And then there’s the connector. Oh dear. Apple has finally decided to sack off the 30-pin connector of old (you know, the one which features on all four of your docks and five of your chargers) in favour of ‘lightning’, the ridiculously-named replacement. Other than saving Apple space on their device, this new connector does nothing to improve the phone whatsoever, preferring instead to inconvenience millions of dock-wielding punters. Fear not though! Apple have unveiled an adapter that can bridge the 30 pin of old to the new connector. The bad news? A cursory glance around the Apple store shows that the bulky accessory is going to retail at £25 and isn’t available until a month after the phone comes out.
As far as technological bollock dropping goes, Apple could well have really done it this time. They must still be reeling from having to dish out bumper bars due to the notorious iPhone 4 signal issues, and the consumer backlash around the lightning connector can surely only result in these adapters being given away for nothing to satisfy furious fanboys?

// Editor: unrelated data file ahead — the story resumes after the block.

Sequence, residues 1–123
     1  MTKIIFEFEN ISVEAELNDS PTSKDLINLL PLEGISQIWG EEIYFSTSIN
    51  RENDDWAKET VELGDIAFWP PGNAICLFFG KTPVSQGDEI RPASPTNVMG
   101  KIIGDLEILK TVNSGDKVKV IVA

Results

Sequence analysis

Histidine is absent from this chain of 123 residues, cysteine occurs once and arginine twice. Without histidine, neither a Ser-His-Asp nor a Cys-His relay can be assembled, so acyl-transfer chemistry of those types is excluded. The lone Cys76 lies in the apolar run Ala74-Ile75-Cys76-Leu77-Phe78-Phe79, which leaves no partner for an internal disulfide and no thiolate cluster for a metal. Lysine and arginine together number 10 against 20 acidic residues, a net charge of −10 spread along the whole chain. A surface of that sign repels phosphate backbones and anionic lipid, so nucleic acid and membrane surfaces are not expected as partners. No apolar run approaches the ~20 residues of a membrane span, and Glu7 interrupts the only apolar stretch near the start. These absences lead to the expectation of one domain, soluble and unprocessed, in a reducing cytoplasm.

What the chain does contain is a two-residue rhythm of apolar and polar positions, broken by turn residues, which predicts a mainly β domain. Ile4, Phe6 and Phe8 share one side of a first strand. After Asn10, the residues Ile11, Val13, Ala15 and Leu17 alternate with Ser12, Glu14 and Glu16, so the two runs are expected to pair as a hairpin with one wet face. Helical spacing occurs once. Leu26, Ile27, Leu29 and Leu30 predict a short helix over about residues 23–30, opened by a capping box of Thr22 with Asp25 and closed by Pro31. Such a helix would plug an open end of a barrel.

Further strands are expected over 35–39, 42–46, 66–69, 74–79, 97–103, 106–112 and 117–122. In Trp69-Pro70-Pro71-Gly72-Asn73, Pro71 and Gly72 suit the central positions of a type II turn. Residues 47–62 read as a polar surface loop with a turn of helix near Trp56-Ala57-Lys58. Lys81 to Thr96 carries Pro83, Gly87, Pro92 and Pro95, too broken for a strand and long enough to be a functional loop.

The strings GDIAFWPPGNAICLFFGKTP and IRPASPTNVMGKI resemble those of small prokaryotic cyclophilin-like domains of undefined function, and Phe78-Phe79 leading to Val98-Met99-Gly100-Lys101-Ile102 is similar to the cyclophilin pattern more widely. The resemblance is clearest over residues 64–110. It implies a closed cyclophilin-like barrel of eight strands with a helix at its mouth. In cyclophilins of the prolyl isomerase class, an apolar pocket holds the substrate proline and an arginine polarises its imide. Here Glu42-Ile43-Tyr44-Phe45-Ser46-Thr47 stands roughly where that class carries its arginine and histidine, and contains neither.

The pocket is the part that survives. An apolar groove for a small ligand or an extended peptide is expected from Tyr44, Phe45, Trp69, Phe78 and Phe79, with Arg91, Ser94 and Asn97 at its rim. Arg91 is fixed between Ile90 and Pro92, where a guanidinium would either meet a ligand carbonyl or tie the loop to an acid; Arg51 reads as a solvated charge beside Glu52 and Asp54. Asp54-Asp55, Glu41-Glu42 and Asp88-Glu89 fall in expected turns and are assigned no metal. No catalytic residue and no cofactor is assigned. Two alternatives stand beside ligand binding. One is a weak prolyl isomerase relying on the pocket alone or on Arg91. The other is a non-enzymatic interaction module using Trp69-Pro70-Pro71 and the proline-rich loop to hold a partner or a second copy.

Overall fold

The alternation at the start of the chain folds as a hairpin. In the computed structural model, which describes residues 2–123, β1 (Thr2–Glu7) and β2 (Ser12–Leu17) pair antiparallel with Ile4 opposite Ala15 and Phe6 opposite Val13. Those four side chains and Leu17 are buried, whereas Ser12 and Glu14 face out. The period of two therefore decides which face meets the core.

Another big let-down has already been talked about by app developers who have been getting hands-on with the iOS6 pre-release. Firstly, the replacement of Google Maps with Apple’s own seems to lack the detail of the old, with the map’s usefulness being glossed over by demonstrations of flashy 3d fly-over functionality. Also due to the Apple/Google fall-out, the old YouTube app has been removed, replaced by a money-making ad-heavy one.
It isn’t just Apple who are getting complacent either. The UK mobile networks have been jumping on the money-making bandwagon, with O2 only offering 24 month contracts with the iPhone 5, knowing full well that customers who HAVE to have the latest tech will still pay and get hooked into long-term deals.